- Kilbourne v. City of Everett, 3 Wash.App.2d1061: This was an action by a former employee of a municipality for alleged violations of law. The main issue was whether the general statute of limitations “for any other injury to the person or rights of another not [otherwise] enumerated” barred various claims by a former employee against the municipality.
- Diamaco, Inc. v. Aetna Cas. & Sur. Co., 97 Wn. App. 335, 983 P.2d 707 (1999): An insured public contractor sued its insurer, seeking declaration that comprehensive general liability (CGL) and umbrella policies covered city's claims against contractor for defective work on road construction project. At issue were the definition of property damage in insuring clause of policies and whether exclusion for property damage to property within insured's care, custody and control, if insured has agreed to insure property, precluded coverage.
- Schwindt v. Underwriters at Lloyd's of London, 81 Wn. App. 293, 914 P.2d 119 (1996): A contractor that had constructed medical building sought coverage under its property damage liability insurance policy for owners' claims for damages related to alleged faulty construction of building. At issue was whether the claimed damages fell within policy's exclusions for defective products and faulty work.
- Leahy v. State Farm Mutual Automobile Insurance Company, 3 Wash.App.2d 613, 418 P.3d 175 (2018): This was an action by an insured against its insurer in which claims of bad faith and breach of contract were at issue. A principle issue, among others, was whether the attorney-client privilege precluded discovery of protected matters in the insurer’s claim file.
- He v. Norris, 3 Wash.App.2d 235, 415 P.3d 1219 (2018): This was an action by an insured against its insurer claiming breach of contract and bad faith. Among the issues decided were whether there was any special relationship between the insurer and its insured motorist that imposed a duty of the insurer to review the adequacy of insurance coverage.
- Riss v. Angel, 80 Wn. App. 553, 912 P.2d 1028 (1996), amended (Feb. 13, 1996), aff'd and remanded, 131 Wn.2d 612, 934 P.2d 669 (1997): Lot owners sued other homeowners in a development, challenging rejection of lot owners' plan to build new dwelling. On appeal, the major issue was whether homeowners unreasonably disapproved lot owners' plans for new dwelling. Other issues were whether homeowners were jointly and severally liable for damages resulting from disapproval and reasonable attorney fees.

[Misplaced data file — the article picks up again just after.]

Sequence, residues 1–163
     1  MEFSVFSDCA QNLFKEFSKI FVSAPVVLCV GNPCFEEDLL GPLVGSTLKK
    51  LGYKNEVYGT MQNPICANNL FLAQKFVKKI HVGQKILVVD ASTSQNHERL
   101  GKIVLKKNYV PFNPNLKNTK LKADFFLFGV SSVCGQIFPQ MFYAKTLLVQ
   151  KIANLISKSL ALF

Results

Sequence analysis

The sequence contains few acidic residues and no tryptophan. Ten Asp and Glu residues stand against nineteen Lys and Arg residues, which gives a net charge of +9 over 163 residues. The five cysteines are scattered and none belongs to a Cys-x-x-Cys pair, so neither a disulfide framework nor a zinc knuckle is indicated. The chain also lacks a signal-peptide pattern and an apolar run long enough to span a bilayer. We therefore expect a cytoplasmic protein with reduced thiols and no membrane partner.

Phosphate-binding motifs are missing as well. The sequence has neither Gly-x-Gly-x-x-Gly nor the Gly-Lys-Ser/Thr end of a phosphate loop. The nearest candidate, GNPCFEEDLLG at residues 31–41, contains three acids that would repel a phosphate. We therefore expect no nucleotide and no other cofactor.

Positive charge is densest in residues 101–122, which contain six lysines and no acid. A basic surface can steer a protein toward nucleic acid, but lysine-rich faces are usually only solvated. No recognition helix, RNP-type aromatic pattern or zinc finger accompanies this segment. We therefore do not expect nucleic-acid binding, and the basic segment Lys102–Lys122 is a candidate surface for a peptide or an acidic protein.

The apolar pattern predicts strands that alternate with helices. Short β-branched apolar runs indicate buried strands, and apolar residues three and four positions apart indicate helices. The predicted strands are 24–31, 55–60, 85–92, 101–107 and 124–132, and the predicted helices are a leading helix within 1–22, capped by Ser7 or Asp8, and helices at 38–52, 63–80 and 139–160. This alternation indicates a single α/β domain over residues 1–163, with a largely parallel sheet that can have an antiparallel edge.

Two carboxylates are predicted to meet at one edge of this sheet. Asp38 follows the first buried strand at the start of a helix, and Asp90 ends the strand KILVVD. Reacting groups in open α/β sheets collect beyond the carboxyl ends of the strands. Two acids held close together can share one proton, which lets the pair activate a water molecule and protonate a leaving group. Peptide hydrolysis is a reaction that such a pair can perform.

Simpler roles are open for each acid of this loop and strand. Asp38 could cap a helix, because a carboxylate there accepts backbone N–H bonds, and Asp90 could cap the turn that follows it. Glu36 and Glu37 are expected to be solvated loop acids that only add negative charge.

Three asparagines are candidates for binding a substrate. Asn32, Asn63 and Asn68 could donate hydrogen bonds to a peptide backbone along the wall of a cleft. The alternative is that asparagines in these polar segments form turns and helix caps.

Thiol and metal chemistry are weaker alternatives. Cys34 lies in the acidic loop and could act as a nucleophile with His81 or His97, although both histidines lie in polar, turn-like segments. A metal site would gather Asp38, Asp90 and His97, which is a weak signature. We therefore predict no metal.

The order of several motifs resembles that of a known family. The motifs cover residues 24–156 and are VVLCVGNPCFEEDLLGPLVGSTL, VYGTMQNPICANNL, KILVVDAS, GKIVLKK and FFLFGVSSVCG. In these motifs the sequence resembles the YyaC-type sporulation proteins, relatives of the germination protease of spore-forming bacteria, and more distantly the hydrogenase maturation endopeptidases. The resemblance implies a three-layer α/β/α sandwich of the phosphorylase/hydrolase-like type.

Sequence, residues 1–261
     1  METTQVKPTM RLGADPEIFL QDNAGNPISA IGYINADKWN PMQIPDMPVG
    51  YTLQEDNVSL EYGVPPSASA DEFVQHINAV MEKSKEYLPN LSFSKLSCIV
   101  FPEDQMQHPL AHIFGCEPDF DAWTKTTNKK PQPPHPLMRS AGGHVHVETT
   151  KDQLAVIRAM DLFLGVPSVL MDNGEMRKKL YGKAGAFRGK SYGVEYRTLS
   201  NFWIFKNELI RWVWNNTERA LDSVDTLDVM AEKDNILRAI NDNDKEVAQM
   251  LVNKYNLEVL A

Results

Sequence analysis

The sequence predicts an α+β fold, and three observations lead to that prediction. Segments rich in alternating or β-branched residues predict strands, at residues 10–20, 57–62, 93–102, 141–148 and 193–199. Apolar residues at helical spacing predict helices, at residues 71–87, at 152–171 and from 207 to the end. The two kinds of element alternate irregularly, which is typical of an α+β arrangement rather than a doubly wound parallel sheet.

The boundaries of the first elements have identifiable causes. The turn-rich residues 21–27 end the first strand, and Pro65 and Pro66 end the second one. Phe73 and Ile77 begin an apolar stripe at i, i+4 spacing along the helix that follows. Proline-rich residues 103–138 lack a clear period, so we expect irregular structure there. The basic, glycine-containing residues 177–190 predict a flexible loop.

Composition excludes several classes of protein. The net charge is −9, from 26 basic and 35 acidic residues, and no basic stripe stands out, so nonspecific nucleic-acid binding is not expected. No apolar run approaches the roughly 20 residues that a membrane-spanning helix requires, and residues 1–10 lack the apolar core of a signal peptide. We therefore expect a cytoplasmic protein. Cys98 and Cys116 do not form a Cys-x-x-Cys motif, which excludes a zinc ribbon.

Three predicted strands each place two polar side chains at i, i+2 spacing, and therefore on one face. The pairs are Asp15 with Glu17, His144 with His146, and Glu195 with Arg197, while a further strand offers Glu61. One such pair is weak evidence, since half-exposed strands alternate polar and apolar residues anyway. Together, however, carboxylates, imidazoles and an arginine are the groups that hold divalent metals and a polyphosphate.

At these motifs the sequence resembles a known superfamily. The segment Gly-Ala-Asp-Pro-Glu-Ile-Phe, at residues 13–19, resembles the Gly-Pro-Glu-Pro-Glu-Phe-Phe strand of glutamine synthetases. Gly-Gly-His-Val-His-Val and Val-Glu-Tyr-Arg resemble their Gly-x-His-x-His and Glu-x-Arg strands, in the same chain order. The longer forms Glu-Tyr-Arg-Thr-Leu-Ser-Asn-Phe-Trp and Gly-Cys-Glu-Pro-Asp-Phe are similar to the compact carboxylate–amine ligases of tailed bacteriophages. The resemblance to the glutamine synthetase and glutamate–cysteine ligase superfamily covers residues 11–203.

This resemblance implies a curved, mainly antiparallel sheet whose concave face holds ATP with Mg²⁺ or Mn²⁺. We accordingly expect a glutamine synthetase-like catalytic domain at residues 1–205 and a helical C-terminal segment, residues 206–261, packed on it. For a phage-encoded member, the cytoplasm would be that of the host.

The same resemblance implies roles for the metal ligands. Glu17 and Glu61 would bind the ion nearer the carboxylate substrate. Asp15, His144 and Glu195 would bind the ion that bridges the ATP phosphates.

- Ray v. King Cty., 120 Wn. App. 564, 86 P.3d 183 (2004): Landowners, as successors in interest to grantors who conveyed an interest by deed to railway in 1887, sued to quiet title against county, as railway's successor in interest, to determine whether the deed conveyed fee title or an easement with regard to a 100-foot-wide strip of land. On appeal, construction of the intent of the parties to the original deed was the primary issue.
- Parkridge Associates, Ltd. v. Ledcor Indus., Inc., 113 Wn. App. 592, 54 P.3d 225 (2002): A general contractor sued subcontractor and others, alleging failure to defend, contractual indemnification and breach of express contractual warranties, among other claims. At issue were the controlling date for the beginning of statute of repose and whether general’s claims accrued as of that date.
- Boeing Employees' Credit Union v. Burns, 167 Wn. App. 265 (2012): Lender that had a subordinate deed of trust that secured borrowers' obligations under a promissory note sought an order, after the encumbered property was sold at a trustee's sale at the direction of the holder of a senior deed of trust, that it was entitled to the portion of the surplus funds of the sale that would satisfy borrowers' debt. On appeal, the court decided that entry of a judgment on a promissory note does not extinguish the lien of a deed of trust that secures the note. The court also decided that allowing lender to obtain a portion of the surplus funds to satisfy borrowers' debt would not violate the anti-deficiency provisions of the Deeds of Trust Act.
- BTNA LLC v. Formosa Brothers International, 199 Wash.App. 1039: This was a landlord/tenant dispute in which the major issue was who was entitled to the award of reasonable attorneys’ fees under the terms of a lease where the landlord took a voluntary nonsuit against the tenant in an unlawful detainer proceeding.
- Federal Home Loan Bank of Seattle v. Barclays Capital, Inc., 1 Wash.App.2d 551, 406 P.3d 686 (2017): This was a case in which a bank purchased substantial securities from an issuer just before the most recent financial crisis. When the value of the securities dropped during the crisis, the bank sued the issuer and others, claiming the prospectus was misleading. The central issue in the case was whether reasonable reliance on a prospectus is an essential element of the Washington State Securities Act, as it is under federal securities law.
- Stewart v. Estate of Steiner, 122 Wash.App. 258, 93 P.3d 919 (2004); review denied 153 Wash.2d 1022 (2005): This was a case in which a purchaser of a security sued under the Washington State Securities Act based on claimed oral representations outside the signed subscription agreement. At issue was whether the broker established that he relied on the oral representations or omissions after signing the subscription agreement providing that he relied solely on the written offering memorandum.